Importance of cardiac rehabilitation


9. For patients with cardiovascular diseases, we must look towards appropriate cardiac rehabilitation as well to improve our heart’s health. Cardiac rehabilitation helps patients to recover better from their heart condition and improves long-term cardiac health. It includes risk factor control and monitoring, patient education and individualised exercise training.

10. The first cardiac rehabilitation programme started 15 years ago in 2004 and today, cardiac rehabilitation programmes are offered at all acute hospitals in Singapore. Beyond having them in hospitals and a hospital setting, it is also important for patients to have better access to care in their community. In this respect, I am heartened that the Singapore Heart Foundation’s three Heart Wellness Centres are running community-based programmes to aid, assist and better support cardiac rehabilitation in the community, including nutrition counselling, regular health and educational talks after patients complete their early rehabilitation in the acute hospitals. So we start early rehabilitation in the acute hospitals, give them the basics, teach them, let them understand, but many of them can be done in the community. I personally believe that a lot more treatment and rehabilitation are in the long term more sustainable if they are found in the community, where you do not dislocate the patients from the normal course of living, from their families and from where they live. I think over time, this course of looking at the community as a stronger base of support will be more sustainable. The centres also offer peer support and motivation to help patients along, as well as their families, and I think the family, as the most immediate and most important support system, cannot be ignored. These programmes help them to adjust to life and adopt healthier lifestyles after being discharged.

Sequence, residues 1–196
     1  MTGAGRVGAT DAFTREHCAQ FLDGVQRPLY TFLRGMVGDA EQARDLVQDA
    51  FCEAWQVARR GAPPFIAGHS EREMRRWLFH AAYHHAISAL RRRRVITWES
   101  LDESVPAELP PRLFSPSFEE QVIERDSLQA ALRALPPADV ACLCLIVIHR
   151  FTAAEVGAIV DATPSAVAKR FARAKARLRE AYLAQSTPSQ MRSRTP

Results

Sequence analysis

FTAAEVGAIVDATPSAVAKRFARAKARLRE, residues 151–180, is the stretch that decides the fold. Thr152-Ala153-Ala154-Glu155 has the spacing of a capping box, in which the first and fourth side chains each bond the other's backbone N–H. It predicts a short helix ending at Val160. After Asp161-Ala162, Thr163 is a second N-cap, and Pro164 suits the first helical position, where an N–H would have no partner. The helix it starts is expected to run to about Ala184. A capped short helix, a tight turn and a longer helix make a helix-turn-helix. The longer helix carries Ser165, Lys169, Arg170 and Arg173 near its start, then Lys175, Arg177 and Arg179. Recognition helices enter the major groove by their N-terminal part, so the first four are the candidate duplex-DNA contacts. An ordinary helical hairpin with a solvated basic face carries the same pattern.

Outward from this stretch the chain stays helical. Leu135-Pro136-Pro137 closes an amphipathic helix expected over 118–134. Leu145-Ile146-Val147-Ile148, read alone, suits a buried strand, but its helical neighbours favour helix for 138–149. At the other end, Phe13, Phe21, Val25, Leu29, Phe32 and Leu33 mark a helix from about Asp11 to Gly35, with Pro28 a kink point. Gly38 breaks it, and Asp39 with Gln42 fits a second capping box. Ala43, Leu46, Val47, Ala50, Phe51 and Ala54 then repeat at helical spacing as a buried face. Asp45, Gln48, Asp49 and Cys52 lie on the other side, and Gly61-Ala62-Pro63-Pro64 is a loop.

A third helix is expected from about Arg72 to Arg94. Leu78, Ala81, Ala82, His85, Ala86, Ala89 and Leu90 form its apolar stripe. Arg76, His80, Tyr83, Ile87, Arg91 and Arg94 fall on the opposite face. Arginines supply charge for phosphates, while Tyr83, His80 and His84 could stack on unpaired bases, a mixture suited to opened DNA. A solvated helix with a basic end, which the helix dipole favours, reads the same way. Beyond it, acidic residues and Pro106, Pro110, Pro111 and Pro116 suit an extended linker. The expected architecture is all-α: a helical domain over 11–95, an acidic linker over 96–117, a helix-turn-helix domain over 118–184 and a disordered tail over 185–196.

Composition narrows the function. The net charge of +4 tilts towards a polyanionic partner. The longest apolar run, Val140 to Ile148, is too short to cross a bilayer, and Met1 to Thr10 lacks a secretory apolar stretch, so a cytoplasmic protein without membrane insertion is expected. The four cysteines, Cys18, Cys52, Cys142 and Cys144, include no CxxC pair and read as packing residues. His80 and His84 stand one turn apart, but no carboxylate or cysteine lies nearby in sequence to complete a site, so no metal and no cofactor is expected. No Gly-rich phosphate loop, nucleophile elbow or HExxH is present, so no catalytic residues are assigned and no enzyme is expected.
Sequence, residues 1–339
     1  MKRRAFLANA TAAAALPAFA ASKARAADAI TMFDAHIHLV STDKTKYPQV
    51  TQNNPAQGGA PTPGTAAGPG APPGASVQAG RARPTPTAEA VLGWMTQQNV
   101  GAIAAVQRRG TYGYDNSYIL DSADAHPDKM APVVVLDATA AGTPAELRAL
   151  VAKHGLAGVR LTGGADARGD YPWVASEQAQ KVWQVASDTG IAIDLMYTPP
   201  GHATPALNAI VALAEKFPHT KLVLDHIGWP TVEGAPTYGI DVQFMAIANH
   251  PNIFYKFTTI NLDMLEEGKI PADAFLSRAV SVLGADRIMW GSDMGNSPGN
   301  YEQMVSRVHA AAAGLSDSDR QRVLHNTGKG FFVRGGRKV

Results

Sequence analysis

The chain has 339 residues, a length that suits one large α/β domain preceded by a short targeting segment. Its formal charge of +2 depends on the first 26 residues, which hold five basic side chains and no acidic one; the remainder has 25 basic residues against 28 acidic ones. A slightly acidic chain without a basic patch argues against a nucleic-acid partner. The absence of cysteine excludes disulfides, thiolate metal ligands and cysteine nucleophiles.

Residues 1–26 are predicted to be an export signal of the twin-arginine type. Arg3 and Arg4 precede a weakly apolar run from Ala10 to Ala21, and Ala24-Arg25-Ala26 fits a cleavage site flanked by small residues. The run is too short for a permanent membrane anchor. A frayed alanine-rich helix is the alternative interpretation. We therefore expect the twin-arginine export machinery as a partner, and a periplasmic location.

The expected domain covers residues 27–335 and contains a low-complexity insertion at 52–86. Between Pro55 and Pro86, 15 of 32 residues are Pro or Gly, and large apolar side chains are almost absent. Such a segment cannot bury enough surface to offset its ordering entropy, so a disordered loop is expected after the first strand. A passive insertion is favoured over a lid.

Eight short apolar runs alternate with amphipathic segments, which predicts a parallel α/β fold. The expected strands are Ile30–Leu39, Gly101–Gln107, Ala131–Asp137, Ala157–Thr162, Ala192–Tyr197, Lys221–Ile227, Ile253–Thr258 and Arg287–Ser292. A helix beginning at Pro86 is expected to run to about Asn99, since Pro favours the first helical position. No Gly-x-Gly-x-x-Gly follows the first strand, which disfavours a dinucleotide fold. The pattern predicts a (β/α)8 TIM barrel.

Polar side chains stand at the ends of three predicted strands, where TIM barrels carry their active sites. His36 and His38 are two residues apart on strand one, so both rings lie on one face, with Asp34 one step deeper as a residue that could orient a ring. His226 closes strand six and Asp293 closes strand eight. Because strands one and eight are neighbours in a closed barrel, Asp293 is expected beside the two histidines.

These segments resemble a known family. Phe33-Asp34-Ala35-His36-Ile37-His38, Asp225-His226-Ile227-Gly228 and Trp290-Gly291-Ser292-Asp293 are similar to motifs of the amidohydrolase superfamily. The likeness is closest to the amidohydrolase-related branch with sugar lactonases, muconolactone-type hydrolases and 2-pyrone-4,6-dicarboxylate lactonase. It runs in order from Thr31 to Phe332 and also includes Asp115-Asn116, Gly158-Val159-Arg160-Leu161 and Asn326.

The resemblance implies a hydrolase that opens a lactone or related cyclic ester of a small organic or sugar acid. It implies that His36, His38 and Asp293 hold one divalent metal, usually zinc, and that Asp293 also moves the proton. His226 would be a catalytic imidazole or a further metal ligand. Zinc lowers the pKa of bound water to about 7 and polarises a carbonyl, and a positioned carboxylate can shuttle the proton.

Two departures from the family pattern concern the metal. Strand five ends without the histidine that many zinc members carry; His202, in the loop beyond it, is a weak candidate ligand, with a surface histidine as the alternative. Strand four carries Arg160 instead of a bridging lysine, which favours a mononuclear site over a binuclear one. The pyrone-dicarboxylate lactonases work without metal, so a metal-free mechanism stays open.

Leveraging technology to improve cardiac rehabilitation and redesigning model of care


11. In addition to having a robust suite of programmes and services, we also aim to leverage technology, which is ever-changing. All of these can make cardiac rehabilitation a lot more accessible and convenient, and for healthcare delivery, especially, to be more efficient without compromising on patient safety. Aligned with this year’s theme, “Contemporary Cardiac Rehabilitation”, we hope to utilise technology to improve the rehabilitation process and for outcomes for cardiac patients to be more consistent, sustainable and to ensure timely care and better health outcomes. That is the overriding objective of any good rehabilitation programme.

12. A pilot study5 conducted by the National Heart Centre Singapore between 2012 and 2013 showed how we could apply technology on cardiac implantable electronic devices such as pacemakers or pager-sized defibrillators, to allow remote monitoring of cardiac patients with life threatening cardiac arrhythmia. Whenever the device detects abnormal cardiac rhythm or device malfunctioning, it will transmit the data to a remote monitoring system, which would subsequently alert the doctors via fax, email or SMS, and patients would be promptly called back to check and have intervention carried out. Such remote monitoring gives patients the flexibility of home monitoring, while ensuring that patient safety is not compromised. I think home monitoring is particularly important because it allows the patients to get back quickly to the environment they are comfortable in, the community they are happy to be around and to get back into some semblance of normality in their life, but at the same time, ensuring that the monitoring and degree of care are not compromised. This kind of measure could also potentially reduce healthcare providers’ workload at the hospital setting or at community hospitals, and to healthcare cost to patients in the longer term.